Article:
The joint seminar is offered each spring on a different topic, and joint majors are required to take it once.  These seminars, which are restricted to students in the joint major, are led by a theologian and a philosopher, and examine an issue where the differing approaches of philosophy and theology are fruitful. The topic and instructors will change from year to year. 
Each major will submit a senior thesis prepared under the direction of two faculty advisors, one from each department.  Students should plan on finding these advisors and a topic during the fall of senior year, and writing the thesis during the spring of senior year (having registered for Theo 48002).
As for the 18 credits of electives: these should involve at least two upper-level courses in both theology and philosophy, and can involve up to two courses in a classical language previously studied, or be used to begin the study of another language of significance for philosophical and theological work.
How is this different from a major in one of the two disciplines and a supplementary major in the other?
The joint major will be more demanding. A major in one discipline and a supplementary major in the other totals 55 credit hours; the joint major (including University and formal requirements, and electives) requires 60. The joint major also calls for language instruction beyond the University requirements for all undergraduates. Finally, the joint seminar and the independent thesis research (with two advisors) make the joint major particularly attractive to students preparing for advanced study in philosophy or theology.
From some joint majors...
"Philosophy and Theology both deal with the most important questions regarding human existence, meaning, and ultimate truth. It is only fitting that their symbiotic relationship be maintained in this program. Philosophy is absolutely essential for understanding the language of theology. All theology majors should at least consider this program as a way to enhance their theological knowledge and potential. Also, taking the classical language requirement teaches one humility which is a good first step in both theology and philosophy." -Kevin Haley 
"The joint major is important for two reasons. First, because the questions that philosophy raises are potentially dangerous, particularly at this age. They are existential questions that come to us at a time of even further existential questioning. Thus, I think that this joint major offers a good base for us as young people. Most importantly, I also believe that mere questioning is incomplete, and theology is the answer to some of the most pressing existentialist questions. Thus, it allows one to see the full picture." - Rodrigo Morales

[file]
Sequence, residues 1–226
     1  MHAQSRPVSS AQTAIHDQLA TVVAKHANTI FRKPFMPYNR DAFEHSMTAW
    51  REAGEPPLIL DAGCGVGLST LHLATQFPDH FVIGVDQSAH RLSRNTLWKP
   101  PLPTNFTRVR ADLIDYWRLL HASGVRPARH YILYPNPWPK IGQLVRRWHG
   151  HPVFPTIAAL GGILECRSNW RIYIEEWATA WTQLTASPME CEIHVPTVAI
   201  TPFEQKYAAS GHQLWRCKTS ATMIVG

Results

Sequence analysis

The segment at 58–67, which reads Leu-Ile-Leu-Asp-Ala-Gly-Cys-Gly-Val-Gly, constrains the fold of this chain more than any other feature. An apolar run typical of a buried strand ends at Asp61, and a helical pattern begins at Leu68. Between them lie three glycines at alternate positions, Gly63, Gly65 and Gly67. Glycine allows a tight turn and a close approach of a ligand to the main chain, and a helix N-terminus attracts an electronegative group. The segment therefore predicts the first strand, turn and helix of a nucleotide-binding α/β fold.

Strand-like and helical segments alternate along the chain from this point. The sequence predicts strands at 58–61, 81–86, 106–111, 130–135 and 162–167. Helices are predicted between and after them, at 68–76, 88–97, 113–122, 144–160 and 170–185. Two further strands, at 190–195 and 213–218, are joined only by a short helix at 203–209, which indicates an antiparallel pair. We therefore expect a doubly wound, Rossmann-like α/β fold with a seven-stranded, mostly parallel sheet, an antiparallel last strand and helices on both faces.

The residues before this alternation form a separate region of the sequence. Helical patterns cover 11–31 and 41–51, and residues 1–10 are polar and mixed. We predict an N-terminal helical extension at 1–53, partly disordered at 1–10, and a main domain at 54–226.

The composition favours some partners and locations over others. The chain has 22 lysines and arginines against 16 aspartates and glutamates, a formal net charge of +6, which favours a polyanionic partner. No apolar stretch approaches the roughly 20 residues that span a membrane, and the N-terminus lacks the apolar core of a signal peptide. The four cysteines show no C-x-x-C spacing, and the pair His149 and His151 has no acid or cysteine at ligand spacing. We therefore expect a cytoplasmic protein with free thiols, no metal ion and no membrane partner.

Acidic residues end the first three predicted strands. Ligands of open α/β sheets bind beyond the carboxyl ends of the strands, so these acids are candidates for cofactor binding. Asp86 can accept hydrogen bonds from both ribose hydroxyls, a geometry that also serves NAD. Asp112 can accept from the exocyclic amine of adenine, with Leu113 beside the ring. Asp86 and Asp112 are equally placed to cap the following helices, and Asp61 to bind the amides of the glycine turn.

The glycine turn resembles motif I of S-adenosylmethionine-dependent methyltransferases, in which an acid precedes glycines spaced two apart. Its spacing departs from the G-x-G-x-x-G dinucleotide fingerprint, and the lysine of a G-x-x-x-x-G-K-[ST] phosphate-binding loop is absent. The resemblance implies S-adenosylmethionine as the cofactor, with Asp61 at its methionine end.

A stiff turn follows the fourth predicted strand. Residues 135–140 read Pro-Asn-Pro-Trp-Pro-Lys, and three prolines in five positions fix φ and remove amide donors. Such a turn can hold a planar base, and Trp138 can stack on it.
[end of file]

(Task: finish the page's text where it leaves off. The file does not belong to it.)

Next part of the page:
Learning Goals for the Theology Major

Knowledge (Cognitive)

Over the course of their time as undergraduate theology majors,

1. students have an understanding of what theology is as a tradition of the Church and as a discipline in the liberal arts;

2. students demonstrate understanding of fundamental theological themes and vocabulary based in Sacred Scripture and in Christian traditions;

3. students exhibit familiarity with one or more of the theological methodologies appropriate to the sub-disciplines represented in the department.

Skills (Behavioral)

Over the course of their time as undergraduate theology majors,

1. students employ critical theological thinking skills (e.g., analysis, synthesis, evaluation);

2. students become precise, articulate, and coherent theological writers within multiple genres;

3. students develop effective and engaging oral communication about theological topics;

4. students are better equipped for their future work.

Dispositions/Values (Affective)

Over the course of their time as undergraduate theology majors,

1. students recognize the significance of theological study for their life of faith;

2. students give evidence of openness to ecumenical and interreligious dialogue with multiple traditions.

How to Declare a Theology Major

Want to learn more about the major? Fill out our major interest survey and a current major will contact you to answer any questions you may have!

To declare, contact Prof. Reynolds (reynolds@nd.edu, 574-631-5138) or stop by Prof. Reynolds' DUS office hours on Tuesdays and Thursdays from 4-5pm in 130 Malloy.  Emily Hammock Mosby (631-5732), Undergraduate Coordinator, can assist with questions as well.

- Follow Prof. Reynolds on Twitter @theologyDUS